Palestinians have been a main target of racial prejudice in Germany in recent days, burdened by unjust political decisions restricting their mobility and freedom of speech. They have also been subjected to heavy surveillance and police patrols. Sonnenallee was a border crossing for Berliners during the city’s years of division. A monument by artist Heike Ponwitz offers a reminder of state surveillance in the former border area. The piece is called “Crossing Over: Proximity and Distance,” and includes two pairs of telescopes. Looking through them, the word Übergang (Crossing Over) disrupts the view, as it is overlaid across the landscape beyond the lens. Today we are witnessing similar disruptions which silence only Palestinians, and distort the German sociopolitical space.
On October 11, 2023, a protest in support of Palestinian liberation was banned in Berlin. This was followed by a ban on displaying the Palestinian flag and the verbalization of the words “Free Palestine” in public spaces. Dozens of peaceful protestors who arrived despite the ban were kettled by police and lined up for criminal processing, with mugshots taken in public on Hermannplatz, in the neighborhood of Neukölln. The following day, an anti-colonial protest to mark Indigenous Peoples’ Day that took place outside the German Foreign Office in Berlin welcomed the presence of Palestinian voices, alongside those from Guatemala and Aotearoa. The rally was interrupted with violence multiple times by the Berlin police. Police intimidated and arrested anyone who said out loud, “Free Palestine,” during the peaceful gathering. On October 15, a pro-Palestinian rally was authorized at Potsdamer Platz, only to be subsequently banned minutes before it began, with police intimidating and aggressively handling participants before arrests. On October 16, Berlin’s department of education granted school administrations the authority to police students and ban Palestinian symbols such as Palestinian flags and Palestinian scarves, called kuffiyeh. Throughout this period, police in Berlin have been actively patrolling, intimidating and arresting Arabic speakers in Neukölln around Sonnenallee, a predominantly migrant neighborhood in a city that is home to one of the biggest Palestinian communities in Europe.
I have read testimonies and have watched videos that have documented multiple instances of intimidation, targeted insults and threats of dismissal for anyone who expresses their support for the Palestinian people. The Mainz German Football Club, for example, has dismissed and terminated the contract of a Arab Moroccan player, Anwar El Ghazi, for posting on Instagram calling for an end to the genocide in Gaza.
The selective criminalization of Palestinians, Palestinian voices and Palestinian national symbols is not humane. This selective proscription of people who support the Palestinian cause and who practice their right to peacefully exercise anti-colonial resistance is not fair. The internationally complicit silence over Palestinian suppression is unacceptable. The Palestinian flag, the Palestinian kuffiyeh and the words, “Free Palestine,” are all constituent elements of a cultural identity and a nonviolent means of resistance, to colonialism and ethnic cleansing.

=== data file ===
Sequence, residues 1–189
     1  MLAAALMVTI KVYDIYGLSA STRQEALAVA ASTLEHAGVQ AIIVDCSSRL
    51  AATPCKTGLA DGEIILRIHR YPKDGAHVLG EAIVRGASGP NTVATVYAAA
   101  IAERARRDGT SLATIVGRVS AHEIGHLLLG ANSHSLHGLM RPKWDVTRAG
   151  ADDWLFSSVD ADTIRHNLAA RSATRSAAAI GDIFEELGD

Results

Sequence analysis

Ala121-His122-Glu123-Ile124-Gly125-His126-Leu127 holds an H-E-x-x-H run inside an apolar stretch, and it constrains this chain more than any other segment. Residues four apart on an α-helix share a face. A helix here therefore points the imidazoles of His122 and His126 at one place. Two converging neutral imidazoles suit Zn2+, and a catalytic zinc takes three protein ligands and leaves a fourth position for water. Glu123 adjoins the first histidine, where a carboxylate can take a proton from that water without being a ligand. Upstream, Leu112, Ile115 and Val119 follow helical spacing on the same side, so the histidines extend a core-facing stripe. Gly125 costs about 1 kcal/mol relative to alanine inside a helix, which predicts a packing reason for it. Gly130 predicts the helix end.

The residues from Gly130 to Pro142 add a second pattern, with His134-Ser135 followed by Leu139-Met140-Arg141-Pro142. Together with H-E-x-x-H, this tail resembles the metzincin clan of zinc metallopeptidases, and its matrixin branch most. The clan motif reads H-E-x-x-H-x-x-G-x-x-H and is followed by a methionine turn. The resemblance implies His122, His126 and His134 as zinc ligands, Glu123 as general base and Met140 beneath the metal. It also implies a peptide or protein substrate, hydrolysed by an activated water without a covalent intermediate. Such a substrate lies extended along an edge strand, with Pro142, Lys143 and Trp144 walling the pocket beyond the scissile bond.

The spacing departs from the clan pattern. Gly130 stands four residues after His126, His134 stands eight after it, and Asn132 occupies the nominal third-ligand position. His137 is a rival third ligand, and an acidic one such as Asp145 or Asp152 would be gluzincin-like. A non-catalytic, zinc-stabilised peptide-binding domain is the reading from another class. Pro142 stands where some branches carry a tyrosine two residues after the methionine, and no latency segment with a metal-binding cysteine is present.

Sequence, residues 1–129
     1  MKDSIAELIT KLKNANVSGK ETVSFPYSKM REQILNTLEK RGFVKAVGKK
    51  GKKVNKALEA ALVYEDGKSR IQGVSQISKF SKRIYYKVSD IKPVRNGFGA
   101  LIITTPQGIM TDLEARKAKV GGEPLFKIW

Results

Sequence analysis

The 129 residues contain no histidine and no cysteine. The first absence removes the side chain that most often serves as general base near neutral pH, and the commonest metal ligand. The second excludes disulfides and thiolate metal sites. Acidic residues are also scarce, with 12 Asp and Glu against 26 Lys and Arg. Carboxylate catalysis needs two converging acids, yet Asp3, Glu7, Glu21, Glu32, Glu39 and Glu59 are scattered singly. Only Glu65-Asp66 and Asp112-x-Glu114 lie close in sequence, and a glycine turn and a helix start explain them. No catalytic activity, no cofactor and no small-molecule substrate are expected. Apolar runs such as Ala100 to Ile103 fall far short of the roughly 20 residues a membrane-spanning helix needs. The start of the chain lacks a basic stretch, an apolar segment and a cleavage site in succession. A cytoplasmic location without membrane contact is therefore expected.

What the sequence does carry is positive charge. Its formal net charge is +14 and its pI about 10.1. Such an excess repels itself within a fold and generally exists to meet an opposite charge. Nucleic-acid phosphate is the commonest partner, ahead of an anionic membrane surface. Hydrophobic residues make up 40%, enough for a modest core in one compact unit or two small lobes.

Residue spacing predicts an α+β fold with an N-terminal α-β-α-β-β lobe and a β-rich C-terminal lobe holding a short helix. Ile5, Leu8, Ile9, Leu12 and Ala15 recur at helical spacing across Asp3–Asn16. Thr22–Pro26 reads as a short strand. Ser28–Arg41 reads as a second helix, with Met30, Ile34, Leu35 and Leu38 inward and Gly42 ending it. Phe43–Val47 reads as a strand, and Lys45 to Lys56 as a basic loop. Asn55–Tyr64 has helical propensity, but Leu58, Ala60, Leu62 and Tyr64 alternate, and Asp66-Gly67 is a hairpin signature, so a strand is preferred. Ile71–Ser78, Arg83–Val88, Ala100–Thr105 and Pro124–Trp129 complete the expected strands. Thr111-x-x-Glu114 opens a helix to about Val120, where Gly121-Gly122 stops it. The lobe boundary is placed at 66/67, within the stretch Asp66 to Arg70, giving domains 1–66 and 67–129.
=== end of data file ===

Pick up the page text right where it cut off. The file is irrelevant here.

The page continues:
I have written essays about literary holocausts and about the dangers of censorship. I also have written about the failure of multiculturalism in Europe, the politics of identity, the myth of the “clash of civilizations,” the dangers of nationalism, xenophobia and racism, and the poetics and problematics of immigration and displacement. I have discussed Berlin’s troublesome locus in challenging the arts-funding status quo, to maintain its status as Europe’s self-proclaimed “art capital.” All these issues came together when The Arab Publishers’ Association in Egypt and The Sharjah Book Affair in the United Arab Emirates decided to withdraw their participation from the Frankfurt Book Fair in Germany – a fair which aims to highlight the role of culture and books in encouraging dialogue and understanding between peoples. This was in in response to a statement by the director of the Frankfurt Book Fair in October in support of Israel, and the decision by the fair’s management to withdraw an award for Palestinian author Adania Shibli for her novel, Minor Detail, which was longlisted for the International Booker Prize in 2021. The novel depicts the life of a Palestinian woman who was raped by Israeli soldiers in 1949, and addresses the violence, memory and suffering of Palestinians. German broadcaster Deutsche Welle reported that the award organizers cancelled the event at the last minute.